Like in the real world, when I see a dog in a videogame I want to befriend it. For whatever reason, too many game devs seem to think that what I really want is to kill it. Please hear me when I say that this is really and truly not the case. My heartbreak when Kassandra accidentally bumped into a friendly village dog in Assassin’s Creed: Odyssey and it whimpered and was forever scared of her afterwards was acute. That was enough.
Look, I get it. Dogs can be used to assist in battle, be it in Odyssey’s ancient legions, modern-day gangs, or fantasy bandit camps. But not enough games let the player have a dog companion (Far Cry 5’s Boomer being an excellent exception, as well as the Marbari hound you can recruit in Dragon Age: Origins; plus, you can pet both dogs). Even when they do, most dogs you encounter in games are hostile or openly aggressive, necessitating that you kill them to move forward in the area. Call of Duty, for example, makes me snipe or pummel dogs like it’s not actively destroying my soul to do so. All of the game series mentioned above include copious dog attackers and are far from the only ones, although the worst offender may be The Last of Us: Part 2, which seems to relish in it.
Why do you do it, devs? Even worse, wolves in these games bark like dogs and then whimper and moan when you kill them. (Frankly, I’m tired of wolves in the woods of every shooter or hero game anyway. There must be a more creative choice at this point, especially in a fantasy landscape.) If you want these fighting dogs or wolves to be ferocious beasts that we must kill—which I still would prefer to not be the case—can’t they growl in death? Or seethe with their last breath of rage? Must they sound like a kicked puppy? It’s sick!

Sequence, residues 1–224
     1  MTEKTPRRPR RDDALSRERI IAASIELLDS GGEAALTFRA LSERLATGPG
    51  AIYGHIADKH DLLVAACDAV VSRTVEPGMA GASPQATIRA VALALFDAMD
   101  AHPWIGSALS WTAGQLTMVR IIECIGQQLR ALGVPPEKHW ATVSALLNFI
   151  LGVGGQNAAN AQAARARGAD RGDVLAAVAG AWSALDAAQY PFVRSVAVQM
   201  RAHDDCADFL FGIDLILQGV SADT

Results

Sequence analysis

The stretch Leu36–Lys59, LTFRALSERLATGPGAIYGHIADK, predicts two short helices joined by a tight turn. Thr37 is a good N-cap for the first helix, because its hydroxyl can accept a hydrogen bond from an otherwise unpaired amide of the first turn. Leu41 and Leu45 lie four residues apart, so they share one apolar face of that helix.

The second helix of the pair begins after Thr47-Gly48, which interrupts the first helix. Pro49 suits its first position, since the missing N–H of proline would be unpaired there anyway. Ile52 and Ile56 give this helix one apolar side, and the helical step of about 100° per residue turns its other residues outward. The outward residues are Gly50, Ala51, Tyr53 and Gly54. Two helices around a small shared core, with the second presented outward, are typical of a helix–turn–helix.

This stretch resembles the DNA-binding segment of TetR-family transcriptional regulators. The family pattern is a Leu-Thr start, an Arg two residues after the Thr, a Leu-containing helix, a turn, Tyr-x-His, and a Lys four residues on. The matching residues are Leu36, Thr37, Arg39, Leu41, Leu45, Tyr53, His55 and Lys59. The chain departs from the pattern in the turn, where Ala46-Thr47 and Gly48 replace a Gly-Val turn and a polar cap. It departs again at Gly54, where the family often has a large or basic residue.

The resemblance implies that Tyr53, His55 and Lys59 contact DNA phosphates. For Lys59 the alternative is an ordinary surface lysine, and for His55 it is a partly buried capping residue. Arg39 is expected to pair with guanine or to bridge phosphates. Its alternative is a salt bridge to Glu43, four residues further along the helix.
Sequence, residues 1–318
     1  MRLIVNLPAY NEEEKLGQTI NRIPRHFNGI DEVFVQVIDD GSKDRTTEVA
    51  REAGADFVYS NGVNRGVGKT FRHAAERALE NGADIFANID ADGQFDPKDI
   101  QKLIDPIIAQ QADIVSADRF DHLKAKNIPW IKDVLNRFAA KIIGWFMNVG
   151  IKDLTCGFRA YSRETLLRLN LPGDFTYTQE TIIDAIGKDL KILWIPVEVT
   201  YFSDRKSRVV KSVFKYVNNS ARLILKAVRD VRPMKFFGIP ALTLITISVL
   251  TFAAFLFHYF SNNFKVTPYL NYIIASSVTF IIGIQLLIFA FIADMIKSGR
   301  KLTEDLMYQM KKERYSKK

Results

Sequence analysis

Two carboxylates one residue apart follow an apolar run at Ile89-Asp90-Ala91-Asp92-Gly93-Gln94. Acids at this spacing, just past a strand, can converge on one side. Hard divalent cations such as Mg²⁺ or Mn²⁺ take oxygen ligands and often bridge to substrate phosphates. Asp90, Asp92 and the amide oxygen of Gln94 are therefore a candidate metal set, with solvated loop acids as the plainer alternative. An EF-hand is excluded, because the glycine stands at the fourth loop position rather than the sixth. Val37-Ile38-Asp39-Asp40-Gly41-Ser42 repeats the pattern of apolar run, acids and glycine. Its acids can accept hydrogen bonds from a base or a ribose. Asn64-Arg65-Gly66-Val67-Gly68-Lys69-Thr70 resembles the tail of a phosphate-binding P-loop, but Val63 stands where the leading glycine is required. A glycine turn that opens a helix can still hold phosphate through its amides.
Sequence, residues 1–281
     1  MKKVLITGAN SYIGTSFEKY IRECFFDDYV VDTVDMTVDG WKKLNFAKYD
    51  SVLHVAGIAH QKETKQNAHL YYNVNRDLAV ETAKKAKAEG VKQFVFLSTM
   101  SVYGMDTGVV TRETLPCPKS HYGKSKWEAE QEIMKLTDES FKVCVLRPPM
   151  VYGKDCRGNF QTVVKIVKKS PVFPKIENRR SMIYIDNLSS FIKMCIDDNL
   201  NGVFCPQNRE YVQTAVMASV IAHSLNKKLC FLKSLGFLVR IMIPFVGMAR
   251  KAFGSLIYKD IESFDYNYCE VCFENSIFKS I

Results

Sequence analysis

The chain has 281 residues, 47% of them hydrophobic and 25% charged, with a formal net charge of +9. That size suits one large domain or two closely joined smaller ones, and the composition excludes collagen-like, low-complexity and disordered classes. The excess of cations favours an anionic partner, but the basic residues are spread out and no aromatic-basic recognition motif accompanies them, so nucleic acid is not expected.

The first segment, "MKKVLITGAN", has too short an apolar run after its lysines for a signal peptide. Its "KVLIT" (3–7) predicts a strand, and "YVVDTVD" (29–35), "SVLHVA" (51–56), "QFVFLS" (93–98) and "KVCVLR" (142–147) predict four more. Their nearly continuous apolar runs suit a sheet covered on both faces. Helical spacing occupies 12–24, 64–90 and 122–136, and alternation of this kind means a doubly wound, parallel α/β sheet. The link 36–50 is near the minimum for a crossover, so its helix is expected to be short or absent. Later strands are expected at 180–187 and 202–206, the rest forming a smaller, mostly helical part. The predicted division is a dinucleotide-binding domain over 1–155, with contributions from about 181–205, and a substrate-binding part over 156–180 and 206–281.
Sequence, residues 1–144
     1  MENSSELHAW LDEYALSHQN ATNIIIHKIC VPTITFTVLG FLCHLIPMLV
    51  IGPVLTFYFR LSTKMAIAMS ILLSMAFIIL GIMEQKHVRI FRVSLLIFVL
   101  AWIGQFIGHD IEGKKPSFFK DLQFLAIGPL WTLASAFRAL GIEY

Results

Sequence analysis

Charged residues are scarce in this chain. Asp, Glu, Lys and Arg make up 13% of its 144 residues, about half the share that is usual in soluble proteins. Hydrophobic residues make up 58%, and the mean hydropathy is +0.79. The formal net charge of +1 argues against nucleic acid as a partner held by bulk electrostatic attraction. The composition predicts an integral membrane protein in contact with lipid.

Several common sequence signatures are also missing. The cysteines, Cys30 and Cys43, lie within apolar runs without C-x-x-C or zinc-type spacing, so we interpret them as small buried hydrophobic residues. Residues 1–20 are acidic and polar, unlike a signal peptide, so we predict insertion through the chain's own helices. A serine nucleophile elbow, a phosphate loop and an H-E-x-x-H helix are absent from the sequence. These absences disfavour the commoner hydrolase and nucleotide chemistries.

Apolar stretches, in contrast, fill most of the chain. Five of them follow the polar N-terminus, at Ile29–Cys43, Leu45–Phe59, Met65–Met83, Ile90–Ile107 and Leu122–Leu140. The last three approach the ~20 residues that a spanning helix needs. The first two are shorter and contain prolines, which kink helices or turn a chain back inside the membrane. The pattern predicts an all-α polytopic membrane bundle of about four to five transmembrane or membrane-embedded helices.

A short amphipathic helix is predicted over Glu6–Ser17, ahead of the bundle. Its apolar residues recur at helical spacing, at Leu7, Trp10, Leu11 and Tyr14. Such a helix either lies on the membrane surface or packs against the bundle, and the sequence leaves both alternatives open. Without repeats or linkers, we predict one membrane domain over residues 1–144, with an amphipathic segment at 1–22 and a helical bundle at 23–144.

Perhaps there could be a more common option to recruit at least some “enemy” dogs. You don’t have to have the player literally surrounded by a dog pack, but the recruited dog could happily take off on its own, with you just knowing it’s out there doing Good Dog Work. Or at the very least, neutralize them like goats and rams and foxes. Let dogs be part of the bandit camp or fort but don’t make them fight me. Don’t make me fight them! (I don’t even really want a potential dog companion that is just forced to fight other dogs or wolves, either, but it’s better than having to use a sniper scope or snapping the neck of a doge when it jumps on you, which is traumatizing.) Update: I forgot about tranquilizers! Let us tranq the dogs if we must!
I acknowledge that I am more than willing to take out untold numbers of human fighters without a second thought, but they have choices and agency … probably! But the puppers, man? Come on. It’s a cheap emotional shot. For the love of dog, give us a break from the carnage and let some joy in.
Allison Keene is the TV Editor of Paste Magazine. For more television talk, pop culture chat and general japery, you can follow her @keeneTV